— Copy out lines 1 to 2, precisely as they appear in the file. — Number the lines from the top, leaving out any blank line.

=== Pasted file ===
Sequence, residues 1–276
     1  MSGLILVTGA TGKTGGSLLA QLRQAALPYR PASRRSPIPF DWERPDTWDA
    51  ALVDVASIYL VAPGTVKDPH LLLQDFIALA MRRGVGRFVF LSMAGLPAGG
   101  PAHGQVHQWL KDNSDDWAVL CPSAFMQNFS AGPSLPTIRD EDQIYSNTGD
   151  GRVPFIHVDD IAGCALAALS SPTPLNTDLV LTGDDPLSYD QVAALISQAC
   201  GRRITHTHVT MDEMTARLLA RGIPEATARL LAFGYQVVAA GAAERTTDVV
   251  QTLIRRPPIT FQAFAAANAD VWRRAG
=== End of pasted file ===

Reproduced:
Sequence, residues 1–276
     1  MSGLILVTGA TGKTGGSLLA QLRQAALPYR PASRRSPIPF DWERPDTWDA